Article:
In the mountains, the debate is open on a future without snow and without skiing

On September 23, 2021, Frédi Meignan and Alexandre Maulin checked each other out. This does not necessarily upset you, but in the columns of the Dauphiné released, it has been compared to the handshake between Yitzhak Rabin and Yasser Arafat at the White House. M. Meignan took some pride in it, but the rest of the story did not escape him: “There, it didn’t necessarily go well. “

In front of the photographers, the habit made the monk. Frédi Meignan, t-shirt, fluorescent orange outdoor pants, wild hair: he heads the French branch of Mountain Wilderness, a mountain protection NGO. Alexandre Maulin, dark jacket with cream elbow patches, chic scarf, trimmed beard: president of Domaines skiables de France, which brings together ski lift operators.

Each would sleep more peacefully if the other did not exist. M. Maulin embodies the mountain planners and the downhill skiing industry, M. Meignan a more heterogeneous movement of defenders of its wild side. One builds cable cars to transport skiers, the other dismantles rusty ski lifts from resorts where skiing has disappeared. “These are not two worlds that ignored each other, since we find ourselves regularly in court anyway”, laughs Frédi Meignan. Hence the historical significance that was given, in the Alps, to this banal “check”, and to the event which gave rise to it: the States General of the transition of mountain tourism, bringing together activists, academics, elected officials and ski industry. A week later, Mr. Meignan participated in a round table at the Congress of Domaines skiables de France where, ” few years ago, [il aurait] caught eggs in the face ”.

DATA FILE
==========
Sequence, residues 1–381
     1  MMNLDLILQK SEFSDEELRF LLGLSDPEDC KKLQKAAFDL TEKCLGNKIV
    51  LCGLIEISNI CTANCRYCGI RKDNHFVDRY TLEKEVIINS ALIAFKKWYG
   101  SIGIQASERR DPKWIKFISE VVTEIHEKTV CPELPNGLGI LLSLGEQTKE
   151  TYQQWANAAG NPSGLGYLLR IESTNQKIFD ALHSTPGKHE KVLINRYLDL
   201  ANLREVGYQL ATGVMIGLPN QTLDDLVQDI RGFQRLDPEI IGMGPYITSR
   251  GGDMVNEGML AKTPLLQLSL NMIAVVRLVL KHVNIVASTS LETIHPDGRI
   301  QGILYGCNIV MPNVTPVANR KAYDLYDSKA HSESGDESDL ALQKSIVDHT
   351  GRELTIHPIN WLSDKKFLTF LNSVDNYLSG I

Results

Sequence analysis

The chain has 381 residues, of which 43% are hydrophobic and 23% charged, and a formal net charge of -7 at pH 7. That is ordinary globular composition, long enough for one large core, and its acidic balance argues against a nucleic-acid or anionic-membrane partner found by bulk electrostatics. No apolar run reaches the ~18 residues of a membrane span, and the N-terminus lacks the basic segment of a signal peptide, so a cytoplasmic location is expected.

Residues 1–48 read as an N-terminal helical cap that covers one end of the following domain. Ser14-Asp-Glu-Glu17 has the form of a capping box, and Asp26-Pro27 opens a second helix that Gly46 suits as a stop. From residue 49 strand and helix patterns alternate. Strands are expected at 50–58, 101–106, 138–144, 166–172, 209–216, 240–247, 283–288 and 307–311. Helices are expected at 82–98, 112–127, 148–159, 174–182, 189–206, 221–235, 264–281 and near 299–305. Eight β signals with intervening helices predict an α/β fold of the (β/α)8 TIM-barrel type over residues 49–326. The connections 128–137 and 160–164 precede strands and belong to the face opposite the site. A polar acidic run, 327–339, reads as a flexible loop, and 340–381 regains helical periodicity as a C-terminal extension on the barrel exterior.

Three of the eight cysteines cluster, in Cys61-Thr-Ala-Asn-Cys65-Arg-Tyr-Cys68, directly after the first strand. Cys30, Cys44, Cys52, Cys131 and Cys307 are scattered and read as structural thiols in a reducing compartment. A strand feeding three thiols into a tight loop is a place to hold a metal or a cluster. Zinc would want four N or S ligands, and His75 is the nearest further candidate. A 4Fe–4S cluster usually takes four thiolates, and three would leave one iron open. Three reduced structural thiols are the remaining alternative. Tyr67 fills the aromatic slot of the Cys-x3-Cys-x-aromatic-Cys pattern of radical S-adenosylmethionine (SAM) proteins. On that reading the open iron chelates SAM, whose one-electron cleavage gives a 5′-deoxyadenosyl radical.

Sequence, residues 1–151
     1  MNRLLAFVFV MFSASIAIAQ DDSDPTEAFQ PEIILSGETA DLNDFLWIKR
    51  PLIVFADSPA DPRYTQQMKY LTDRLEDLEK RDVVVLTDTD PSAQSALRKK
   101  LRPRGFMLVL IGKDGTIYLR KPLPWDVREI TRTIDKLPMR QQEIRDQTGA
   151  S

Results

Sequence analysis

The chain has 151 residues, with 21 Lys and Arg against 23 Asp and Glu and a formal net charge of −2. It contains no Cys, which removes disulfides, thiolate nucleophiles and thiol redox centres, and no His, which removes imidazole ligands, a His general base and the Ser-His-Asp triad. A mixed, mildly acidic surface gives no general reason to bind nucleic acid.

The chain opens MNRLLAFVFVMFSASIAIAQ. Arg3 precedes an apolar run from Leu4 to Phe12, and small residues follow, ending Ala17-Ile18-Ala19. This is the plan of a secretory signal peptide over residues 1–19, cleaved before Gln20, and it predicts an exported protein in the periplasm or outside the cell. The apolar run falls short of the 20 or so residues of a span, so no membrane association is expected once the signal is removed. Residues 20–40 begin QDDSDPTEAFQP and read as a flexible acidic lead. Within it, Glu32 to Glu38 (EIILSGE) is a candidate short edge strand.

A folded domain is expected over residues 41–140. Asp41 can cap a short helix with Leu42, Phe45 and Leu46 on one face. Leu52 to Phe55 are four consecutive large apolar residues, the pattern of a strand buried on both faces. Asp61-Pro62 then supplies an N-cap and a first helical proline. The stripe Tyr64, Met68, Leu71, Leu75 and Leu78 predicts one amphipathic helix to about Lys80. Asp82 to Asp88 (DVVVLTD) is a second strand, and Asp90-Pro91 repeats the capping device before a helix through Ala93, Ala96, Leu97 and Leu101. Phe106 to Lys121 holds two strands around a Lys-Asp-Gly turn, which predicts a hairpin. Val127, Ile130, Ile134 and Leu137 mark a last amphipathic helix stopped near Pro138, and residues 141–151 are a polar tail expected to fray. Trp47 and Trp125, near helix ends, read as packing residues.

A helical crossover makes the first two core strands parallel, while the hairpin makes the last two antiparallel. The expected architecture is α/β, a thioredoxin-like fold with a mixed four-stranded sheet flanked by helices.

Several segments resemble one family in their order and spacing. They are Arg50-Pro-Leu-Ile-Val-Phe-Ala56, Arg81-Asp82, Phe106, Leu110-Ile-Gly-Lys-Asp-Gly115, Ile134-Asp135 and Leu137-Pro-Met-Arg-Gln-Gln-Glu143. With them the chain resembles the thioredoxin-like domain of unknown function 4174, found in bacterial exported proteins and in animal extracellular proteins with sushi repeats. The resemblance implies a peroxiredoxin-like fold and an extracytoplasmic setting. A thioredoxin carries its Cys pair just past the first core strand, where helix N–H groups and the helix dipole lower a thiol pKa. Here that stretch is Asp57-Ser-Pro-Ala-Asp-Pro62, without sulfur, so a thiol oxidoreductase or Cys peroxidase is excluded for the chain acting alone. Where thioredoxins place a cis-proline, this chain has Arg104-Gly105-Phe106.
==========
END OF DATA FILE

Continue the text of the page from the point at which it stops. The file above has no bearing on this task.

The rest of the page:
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Something is happening in the realm of white gold. A line is open between the alpine ski industry and those who want to prepare for the extinction of this miraculous source. At the end of two days of discussions, relayed by workshops where, in each territory, elected representatives, associations and tourist operators met, a joint declaration was signed. Sufficiently vague to be shared by Mountain Wilderness activists and ski resort industry, but the promise of a sequel nonetheless.

Laurent Wauquiez, first supporter of the ski industry

Where does this relative warming come from? On the environmental awareness of ski manufacturers and their constructive state of mind, explains Alexandre Maulin. From the feeling of being a besieged citadel, corrects Frédi Meignan. According to him, the planners would have become aware of their fragility in the face of crises, of a cultural and societal change in the valleys, manifested by the push for the green vote in the large mountain metropolises. Environmentalists are in charge of the largest cities in the Alps – Grenoble, Annecy, even Lyon and Geneva, and associated with the socialists in Chambéry. The government’s “Avenir mountains” plan, very insistent on the transition, and the investment criteria of the Banque des Territoires and Crédit Agricole des Savoie, major financial partners in mountain tourism, also testify to a new outlook on the part of actors little suspected of ecological radicalism.

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